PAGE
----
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Charlotte Eve Blythe,
Last Days of Disco loosely depicts the "last days" at a disco palace, where drugs, sex and weirdness ran rampant. The story centers around a group of friends who frequent the disco and each other. All the characters are searching for something to make their lives more fulfilling. Some are searching for everlasting love and some are just wanting something different. As the disco is closed, they all wonder can disco ever really be dead?Written by
Kathy Clark <email@example.com>
Matt Ross and Child Sevigy played siblings on the HBO series Big Love See more »
When the nightclub manager is in the DJ box and says, "Michael, "Good Times"", meaning play the song "Good Times" by Chic, the record cover that the DJ picks up shows an image of a white, blonde female artist, clearly not Chic. Also the visible label on the actual record is blue, not the red/black or red /green Atlantic Records logo, Chic's record company label. See more »
Clever dialogue but lack of plot may frustrate some people
In the early 80's a group of friends interact around a Manhattan disco, desperate to climb the local social ladder. With an investigation in the disco's financial dealings and the end of disco approaching the friends attempt to carry on as normal.
Director Whit Stillman tends to go for comedies that look inward and have strong comedic dialogue that follow social observations and comment on different cultures and periods. However plot is never one of his major concerns and here is no different. The story here is less important that the period of disco which is the real focus. This may be a bit frustrating to some as the story doesn't seeming to have any one direction. However the characters and the dialogue will generally hold the interest sufficiently. Some of the script is a bit weak and the characters occasionally are a bit too unsympathetic but for the majority the sharp script compliments the characters.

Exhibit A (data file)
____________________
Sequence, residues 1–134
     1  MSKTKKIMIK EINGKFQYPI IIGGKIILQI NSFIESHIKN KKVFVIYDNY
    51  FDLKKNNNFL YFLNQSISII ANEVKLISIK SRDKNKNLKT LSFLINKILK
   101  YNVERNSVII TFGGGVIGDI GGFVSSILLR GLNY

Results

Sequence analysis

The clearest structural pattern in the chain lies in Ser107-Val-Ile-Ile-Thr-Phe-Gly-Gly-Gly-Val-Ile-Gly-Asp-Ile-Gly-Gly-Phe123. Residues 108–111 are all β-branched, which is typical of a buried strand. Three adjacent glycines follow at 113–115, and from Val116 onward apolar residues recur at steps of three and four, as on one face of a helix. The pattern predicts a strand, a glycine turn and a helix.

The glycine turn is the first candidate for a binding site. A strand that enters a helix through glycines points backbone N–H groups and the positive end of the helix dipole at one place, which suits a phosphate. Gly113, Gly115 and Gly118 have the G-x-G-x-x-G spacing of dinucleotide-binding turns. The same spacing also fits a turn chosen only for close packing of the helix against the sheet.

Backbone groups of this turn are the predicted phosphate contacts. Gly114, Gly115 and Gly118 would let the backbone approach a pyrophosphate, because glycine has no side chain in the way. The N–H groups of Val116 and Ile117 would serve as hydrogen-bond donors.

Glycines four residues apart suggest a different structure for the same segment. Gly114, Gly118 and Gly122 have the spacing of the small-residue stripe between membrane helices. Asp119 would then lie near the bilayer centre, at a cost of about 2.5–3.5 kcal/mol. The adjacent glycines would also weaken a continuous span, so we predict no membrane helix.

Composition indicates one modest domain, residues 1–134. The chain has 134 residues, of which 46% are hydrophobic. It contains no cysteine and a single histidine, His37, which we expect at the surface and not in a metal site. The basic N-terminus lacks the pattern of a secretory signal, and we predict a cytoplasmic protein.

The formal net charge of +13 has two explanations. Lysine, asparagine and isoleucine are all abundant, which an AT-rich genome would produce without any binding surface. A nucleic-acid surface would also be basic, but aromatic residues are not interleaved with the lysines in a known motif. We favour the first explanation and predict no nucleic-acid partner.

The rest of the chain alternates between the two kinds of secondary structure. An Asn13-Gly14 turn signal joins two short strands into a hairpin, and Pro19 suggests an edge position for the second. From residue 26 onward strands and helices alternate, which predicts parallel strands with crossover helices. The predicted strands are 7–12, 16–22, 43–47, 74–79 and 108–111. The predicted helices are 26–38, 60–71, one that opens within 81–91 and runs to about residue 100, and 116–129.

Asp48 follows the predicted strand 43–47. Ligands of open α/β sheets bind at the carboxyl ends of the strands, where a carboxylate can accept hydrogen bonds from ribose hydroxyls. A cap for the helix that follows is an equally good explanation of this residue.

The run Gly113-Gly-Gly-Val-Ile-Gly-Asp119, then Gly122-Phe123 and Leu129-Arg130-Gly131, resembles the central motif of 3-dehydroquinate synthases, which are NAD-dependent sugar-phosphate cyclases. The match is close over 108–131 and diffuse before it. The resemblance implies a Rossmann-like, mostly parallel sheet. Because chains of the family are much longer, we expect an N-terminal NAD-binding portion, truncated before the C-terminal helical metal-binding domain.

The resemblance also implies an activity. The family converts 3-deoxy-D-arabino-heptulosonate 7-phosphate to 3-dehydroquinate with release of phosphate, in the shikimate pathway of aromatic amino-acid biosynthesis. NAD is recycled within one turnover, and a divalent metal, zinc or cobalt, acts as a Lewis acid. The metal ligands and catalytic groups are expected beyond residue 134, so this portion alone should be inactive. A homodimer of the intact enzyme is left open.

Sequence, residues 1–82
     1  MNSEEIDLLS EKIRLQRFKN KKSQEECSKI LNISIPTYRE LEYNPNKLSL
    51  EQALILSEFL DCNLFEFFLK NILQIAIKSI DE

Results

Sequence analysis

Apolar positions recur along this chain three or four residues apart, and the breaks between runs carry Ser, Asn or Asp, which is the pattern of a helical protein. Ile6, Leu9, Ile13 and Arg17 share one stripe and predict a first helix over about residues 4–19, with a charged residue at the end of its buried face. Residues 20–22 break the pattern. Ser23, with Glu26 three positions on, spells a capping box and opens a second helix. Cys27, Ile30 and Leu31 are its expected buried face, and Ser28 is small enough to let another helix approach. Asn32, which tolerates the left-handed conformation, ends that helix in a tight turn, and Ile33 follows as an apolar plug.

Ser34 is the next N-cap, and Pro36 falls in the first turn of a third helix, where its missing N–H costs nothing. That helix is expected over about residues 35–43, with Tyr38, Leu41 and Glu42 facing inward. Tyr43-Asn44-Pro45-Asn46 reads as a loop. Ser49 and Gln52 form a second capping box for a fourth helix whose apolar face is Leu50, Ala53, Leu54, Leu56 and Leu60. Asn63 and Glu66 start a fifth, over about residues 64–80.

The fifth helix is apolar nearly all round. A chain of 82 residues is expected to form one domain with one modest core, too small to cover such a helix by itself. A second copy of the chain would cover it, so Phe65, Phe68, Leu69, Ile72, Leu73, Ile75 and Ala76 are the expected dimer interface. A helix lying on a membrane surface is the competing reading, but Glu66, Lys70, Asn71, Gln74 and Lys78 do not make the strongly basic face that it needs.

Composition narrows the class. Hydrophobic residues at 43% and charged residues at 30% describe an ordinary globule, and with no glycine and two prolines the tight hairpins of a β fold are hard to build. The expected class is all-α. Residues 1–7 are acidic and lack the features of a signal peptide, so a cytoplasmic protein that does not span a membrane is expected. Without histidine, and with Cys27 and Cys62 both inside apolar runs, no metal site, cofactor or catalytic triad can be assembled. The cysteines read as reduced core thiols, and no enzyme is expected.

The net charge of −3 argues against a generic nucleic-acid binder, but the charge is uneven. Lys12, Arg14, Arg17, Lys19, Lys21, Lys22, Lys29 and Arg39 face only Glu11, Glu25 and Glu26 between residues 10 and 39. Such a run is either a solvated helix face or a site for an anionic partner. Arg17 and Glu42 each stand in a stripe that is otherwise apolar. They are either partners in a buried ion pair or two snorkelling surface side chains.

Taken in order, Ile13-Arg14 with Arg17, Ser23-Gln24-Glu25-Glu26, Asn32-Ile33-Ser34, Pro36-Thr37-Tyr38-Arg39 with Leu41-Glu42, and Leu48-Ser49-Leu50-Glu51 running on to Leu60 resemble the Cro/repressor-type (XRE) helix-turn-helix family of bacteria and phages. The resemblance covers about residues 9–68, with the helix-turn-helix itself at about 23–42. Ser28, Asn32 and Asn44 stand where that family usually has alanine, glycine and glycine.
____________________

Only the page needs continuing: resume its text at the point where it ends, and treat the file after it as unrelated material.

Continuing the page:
The performances are good throughout - these socialites are not people I'd ever like to meet but they are funny from a distance. There is much to like here if you like this type of humour. But the story is almost non-existent and this is a slight problem.
Overall a clever, funny look at the life of a couple of party girls around the time disco started to suck. Not to everyone's taste and what's that credit sequence ending about? - is it a bit of fun or is it trying to say something?
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